Experience at the Helm
MII Publications operates under the editorial direction of Cecilio J. Morales, the publisher and editor-in-chief, a journalist with experience in every aspect of specialized publications in North America, Britain and Latin America. A native New Yorker, Morales joined the staff of MII Publications — then known as Manpower Information, Inc. — in 1984.
Shortly thereafter, the publication’s founder retired. The late Stanley H. Ruttenberg, an economist, had been a policy analyst in the AFL-CIO and became a policymaker in the Kennedy and Johnson administrations prior to launching, in 1969, the Employment & Training Reporter — originally called the Manpower Information Service — in partnership with the Bureau of National Affairs, Inc.
In 1989, MII Publications severed its relationship with BNA. Morales became executive editor and later publisher. He became chief executive officer of MII Publications in June 1997.
In the decades since he assumed leadership, Morales has watched developments in the field, trained the company’s many reporters and editors, met with numerous key officials and analyzed countless studies. In directing the company's flagship publication, the Employment & Training Reporter, Morales has aimed to maintain the reputation for fair, authoritative and in-depth reporting that has made it the journal of record in its field. He brought the same penchant for thorough and precise journalism to Welfare to Work, which he launched in 1992, and School to Work, launched in 1994; he later merged both publications with the Employment & Training Reporter.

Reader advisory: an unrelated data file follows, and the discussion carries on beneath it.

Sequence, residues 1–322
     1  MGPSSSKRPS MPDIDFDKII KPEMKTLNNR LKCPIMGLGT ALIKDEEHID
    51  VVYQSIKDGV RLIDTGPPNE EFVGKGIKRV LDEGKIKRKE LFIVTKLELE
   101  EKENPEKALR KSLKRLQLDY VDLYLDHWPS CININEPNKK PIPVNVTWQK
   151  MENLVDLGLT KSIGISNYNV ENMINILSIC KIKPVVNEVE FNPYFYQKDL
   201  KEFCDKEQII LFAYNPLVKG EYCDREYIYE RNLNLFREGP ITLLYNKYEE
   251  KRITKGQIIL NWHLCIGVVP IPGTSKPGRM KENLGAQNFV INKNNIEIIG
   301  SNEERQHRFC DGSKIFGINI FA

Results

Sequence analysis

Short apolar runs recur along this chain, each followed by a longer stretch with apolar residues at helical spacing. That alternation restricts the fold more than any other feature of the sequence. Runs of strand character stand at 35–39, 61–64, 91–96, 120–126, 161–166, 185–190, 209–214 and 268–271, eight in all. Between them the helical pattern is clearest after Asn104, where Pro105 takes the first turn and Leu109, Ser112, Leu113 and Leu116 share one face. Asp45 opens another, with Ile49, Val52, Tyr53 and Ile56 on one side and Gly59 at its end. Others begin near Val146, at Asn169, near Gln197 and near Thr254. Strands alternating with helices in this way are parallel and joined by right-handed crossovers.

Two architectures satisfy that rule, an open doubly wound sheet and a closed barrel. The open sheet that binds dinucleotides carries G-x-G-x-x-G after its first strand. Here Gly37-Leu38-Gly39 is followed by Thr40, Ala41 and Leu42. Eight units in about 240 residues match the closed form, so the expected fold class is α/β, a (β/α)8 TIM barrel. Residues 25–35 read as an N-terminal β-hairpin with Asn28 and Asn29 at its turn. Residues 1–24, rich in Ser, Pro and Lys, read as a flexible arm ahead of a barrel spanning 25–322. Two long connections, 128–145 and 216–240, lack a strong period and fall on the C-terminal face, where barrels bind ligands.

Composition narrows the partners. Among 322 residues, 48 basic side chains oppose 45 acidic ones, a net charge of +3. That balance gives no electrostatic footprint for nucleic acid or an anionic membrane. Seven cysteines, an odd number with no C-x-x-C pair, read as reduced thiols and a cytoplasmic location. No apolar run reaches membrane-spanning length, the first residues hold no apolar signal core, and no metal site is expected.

In June 2009, Morales celebrated his 25th year with MII Publications, where he has contributed, either as reporter, editor or publisher to thousands of issues of The Employment & Training Reporter, the weekly where he got his start in the company.
Senior Editor Ryan Hess joined MII Publications in 2002, beginning a specialization in reporting on workforce development programs and policies. His editorial philosophy is grounded in explaining what new findings and developments mean to both the workforce development professionals and the jobseeker on their doorstep and looking past programmatic silos to see what is going on across the field. Hess began his career as a general assignment and municipal beat reporter for The Intelligencer and The Express-Times, leading local newspapers in southeastern Pennsylvania. Working in local news, he reported on the complex machinery of public school districts, jointly managed regional technical schools and community college districts, and first witnessed state and federal policies taking effect at the local level.